Where do you language? This year we turn our gaze outward, beyond the physical walls of the English classroom and into the world, where one's ability to communicate means much more than a grade. Our theme aims to highlight the many arenas, personnel, and opportunities available to language users, regardless of ability or goals. Presentations, posters, and workshops that address the following topics/themes are welcome for submission: 
  • pedagogical extensions of classwork
  • study abroad & foreign exchange programs
  • intercultural communication
  • English in the community 
  • self-access / lifelong learning
  • professional development

Important Dates & Registration Forms

Saturday, 3 February 2018
Conference Day

Friday, 22 December 2017
Call for Presentations Deadline

Monday, 15 January 2018
Early Registration Deadline

Plenary Speakers

Engaging Yourself in Reflective Dialogue
Satoko Kato, Kanda Institute of Foreign Languages

We all engage in ‘self-reflection’ to clarify the meaning of learning experiences as we want to keep growing as language learners and/or a language educators. Reflection is not simply thinking back and describing what happened and how you feel about it. It is a process of restructuring your established assumptions and beliefs which leads you to develop further. In this plenary, I will outline the approaches in advising in language learning (ALL) where learning advisors promote learners’ reflective process through conducting one-on-one dialogue. All the approaches, models, tools introduced in my talk can be easily applied to empower your self-reflection and to promote learners’ reflective processes in their learning outside of the classroom.

Satoko Kato is a Chief Learning Advisor at Kanda Institute of Foreign Languages and a lecturer at the graduate school of Kanda University of International Studies in Japan. She holds a Master’s degree (TESOL) from Teachers College, Columbia University, New York. She has conducted 3,500 advising sessions with hundreds of language learners in the past years working on promoting learner autonomy. She is in charge of developing and implementing advisor education programs for novice and experienced advisors. She has been extensively focusing on the reflective process in language learning and is the co-author of “Reflective Dialogue: Advising in language learning” published by Routledge NY, 2016.


A Step and a Half Beyond the Classroom
Randall W. Bollig, Chairman, Family & Friends Project

It is only natural, in any profession I believe, to want to find something meaningful in what one does, something that not only allows and encourages a person to grow, develop, and to reap financial, social, and emotional rewards, but also provides a sense that what you are doing has a benefit or positive impact on other people's lives. Teaching, obviously, provides ample opportunities for this. Thanks to my original decision, and a good mix of luck, attitude, and opportunity, I feel I have been able to achieve at least some success in this regard. Although, my journey, my experience, is naturally somewhat unique in detail, in essence, I am sure it is probably not much different from your own journeys/experiences. In this presentation, I would like to share some of my experiences that have brought me to where I am today, give you an idea of what I am doing at present, and encourage you not to hold back, but to continue in your own endeavors and experiences.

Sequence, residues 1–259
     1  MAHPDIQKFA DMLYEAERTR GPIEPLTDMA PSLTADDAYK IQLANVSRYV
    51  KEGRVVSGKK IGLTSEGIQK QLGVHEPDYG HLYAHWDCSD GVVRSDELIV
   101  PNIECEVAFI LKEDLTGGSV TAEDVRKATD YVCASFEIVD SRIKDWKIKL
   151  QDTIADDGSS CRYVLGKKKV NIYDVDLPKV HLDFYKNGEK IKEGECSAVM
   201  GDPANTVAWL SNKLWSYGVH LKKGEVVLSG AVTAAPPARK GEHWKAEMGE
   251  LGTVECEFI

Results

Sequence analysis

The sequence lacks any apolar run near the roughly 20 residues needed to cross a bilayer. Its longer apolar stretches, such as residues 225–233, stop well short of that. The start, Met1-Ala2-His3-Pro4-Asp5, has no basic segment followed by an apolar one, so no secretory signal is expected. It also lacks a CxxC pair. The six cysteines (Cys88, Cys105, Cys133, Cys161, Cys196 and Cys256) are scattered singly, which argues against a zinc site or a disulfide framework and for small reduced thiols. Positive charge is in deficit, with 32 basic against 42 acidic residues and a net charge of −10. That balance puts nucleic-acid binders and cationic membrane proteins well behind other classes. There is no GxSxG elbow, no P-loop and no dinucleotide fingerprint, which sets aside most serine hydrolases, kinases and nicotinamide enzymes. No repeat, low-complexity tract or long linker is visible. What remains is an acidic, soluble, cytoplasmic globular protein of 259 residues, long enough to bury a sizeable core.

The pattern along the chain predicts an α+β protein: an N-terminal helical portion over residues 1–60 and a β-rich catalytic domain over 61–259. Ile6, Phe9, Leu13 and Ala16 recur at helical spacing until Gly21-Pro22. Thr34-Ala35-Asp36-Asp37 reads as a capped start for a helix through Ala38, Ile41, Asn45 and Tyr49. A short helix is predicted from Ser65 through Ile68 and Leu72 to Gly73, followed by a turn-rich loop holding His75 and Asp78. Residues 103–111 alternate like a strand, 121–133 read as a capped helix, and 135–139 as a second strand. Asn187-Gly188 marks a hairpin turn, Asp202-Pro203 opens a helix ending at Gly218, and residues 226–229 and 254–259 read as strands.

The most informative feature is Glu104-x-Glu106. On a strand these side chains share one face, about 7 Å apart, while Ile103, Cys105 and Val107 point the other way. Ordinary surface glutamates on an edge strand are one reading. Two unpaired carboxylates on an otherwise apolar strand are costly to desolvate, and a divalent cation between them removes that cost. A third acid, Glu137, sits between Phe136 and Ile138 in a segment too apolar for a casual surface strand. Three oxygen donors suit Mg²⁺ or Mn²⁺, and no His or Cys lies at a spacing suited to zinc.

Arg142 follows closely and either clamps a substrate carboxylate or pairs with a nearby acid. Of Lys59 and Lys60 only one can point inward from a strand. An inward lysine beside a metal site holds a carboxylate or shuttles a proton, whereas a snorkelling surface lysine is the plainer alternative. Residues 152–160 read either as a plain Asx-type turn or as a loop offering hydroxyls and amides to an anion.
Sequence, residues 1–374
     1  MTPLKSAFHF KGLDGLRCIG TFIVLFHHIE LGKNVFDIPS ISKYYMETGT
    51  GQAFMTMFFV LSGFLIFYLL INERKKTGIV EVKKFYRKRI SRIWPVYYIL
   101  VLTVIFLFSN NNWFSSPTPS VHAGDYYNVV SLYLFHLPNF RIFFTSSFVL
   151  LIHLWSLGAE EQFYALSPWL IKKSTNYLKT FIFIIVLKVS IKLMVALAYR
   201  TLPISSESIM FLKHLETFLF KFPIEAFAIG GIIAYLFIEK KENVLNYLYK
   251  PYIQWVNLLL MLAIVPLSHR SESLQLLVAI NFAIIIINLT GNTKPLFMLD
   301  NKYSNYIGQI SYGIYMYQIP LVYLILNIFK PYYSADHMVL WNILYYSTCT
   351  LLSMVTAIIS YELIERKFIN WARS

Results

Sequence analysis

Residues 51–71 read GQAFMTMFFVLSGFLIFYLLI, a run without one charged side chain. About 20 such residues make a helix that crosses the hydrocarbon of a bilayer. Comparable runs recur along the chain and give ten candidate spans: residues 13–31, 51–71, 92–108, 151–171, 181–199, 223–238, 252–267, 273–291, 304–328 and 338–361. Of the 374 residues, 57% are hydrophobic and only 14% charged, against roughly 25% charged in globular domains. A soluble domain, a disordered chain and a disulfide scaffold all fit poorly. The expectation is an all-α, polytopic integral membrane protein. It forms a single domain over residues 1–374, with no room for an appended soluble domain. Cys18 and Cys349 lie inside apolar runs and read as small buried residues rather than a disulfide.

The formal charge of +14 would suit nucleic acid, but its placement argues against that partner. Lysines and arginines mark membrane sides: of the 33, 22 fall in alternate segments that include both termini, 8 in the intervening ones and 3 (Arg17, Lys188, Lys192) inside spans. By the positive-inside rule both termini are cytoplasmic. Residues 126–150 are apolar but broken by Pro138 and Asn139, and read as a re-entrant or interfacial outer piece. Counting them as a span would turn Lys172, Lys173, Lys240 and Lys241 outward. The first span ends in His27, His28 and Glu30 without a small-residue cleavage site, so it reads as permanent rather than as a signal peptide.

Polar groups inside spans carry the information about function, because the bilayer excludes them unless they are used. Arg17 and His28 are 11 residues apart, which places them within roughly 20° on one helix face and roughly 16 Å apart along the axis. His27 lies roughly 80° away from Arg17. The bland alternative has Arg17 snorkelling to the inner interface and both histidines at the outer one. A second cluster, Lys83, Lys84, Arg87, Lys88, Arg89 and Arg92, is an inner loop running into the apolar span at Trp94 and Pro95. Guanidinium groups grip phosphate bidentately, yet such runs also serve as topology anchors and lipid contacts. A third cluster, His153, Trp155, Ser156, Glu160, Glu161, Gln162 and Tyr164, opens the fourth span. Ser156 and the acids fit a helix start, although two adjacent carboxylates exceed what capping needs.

Sponsored by the Teachers Helping Teachers (THT) Special Interest group of JALT.

Randall W. Bollig is from Colorado, United States, and has a BA in Education from the University of Northern Colorado, and an MA in TESOL from the School for International Training, in Brattleboro, Vermont. He has taught in the US, Australia, Papua New Guinea, Mexico, and Japan, where he has been living and teaching for over 30 years. He has taught at almost every level of education including junior high schools, high schools, universities, and business and adult classes. He started the Family & Friends Project in March 2011 as a way to improve educational opportunities for children in Nepal. 


Registration Fees
Registration fee includes admission, a lunch ticket for our cafeteria, and a small gift.
Please note that the nearest open convenience store is a ten-minute walk.

Early Registration 
(confirmed payment on or before 15 January)

¥1000 for JALT Members
¥1500 for nonmembers
FREE for students

Late / On-site Registration

¥2000 for JALT Members
¥2500 for nonmembers
¥ 500 for students

See this guide for instructions on paying from a Japan Post account.

Networking Dinner

Join us for a post-conference evening of socializing downtown at JANG JANG GO!

https://tabelog.com/en/kumamoto/A4301/A430101/43000517/

Venue & Access

SUTLF 2018 will be held in the Active Commons Building at Sojo University in Kumamoto. 

Sojo International Learning Center

By Train

Local JR trains run frequently from Kumamoto Station to Sojodaigaku-Mae (10 min, ¥210). From Sojodaigaku-Mae, cross Route 31 and take the elevator up to the university.

By Airplane

The Kumamoto Airport Limousine Bus runs frequently from Kumamoto Airport to Kumamoto Station (60 min, ¥1010). Local JR trains run frequently from Kumamoto Station to Sojodaigaku-Mae (10 min, ¥210). From Sojodaigaku-Mae, cross Route 31 and take the elevator up to the university.

Accommodations

Due to damage caused by the earthquakes in 2016, hotel space in Kumamoto is limited. Please consider searching Fukuoka for accommodations, which is only a half-hour shinkansen ride away.
The following spreadsheet contains a list of local hotels and links to their websites and locations on Google Maps. You can sort the list by name, price, or commute by clicking on the tabs at the bottom of the spreadsheet.

Contact

Please direct any questions and/or comments to: 

Branden Kirchmeyer
Conference Director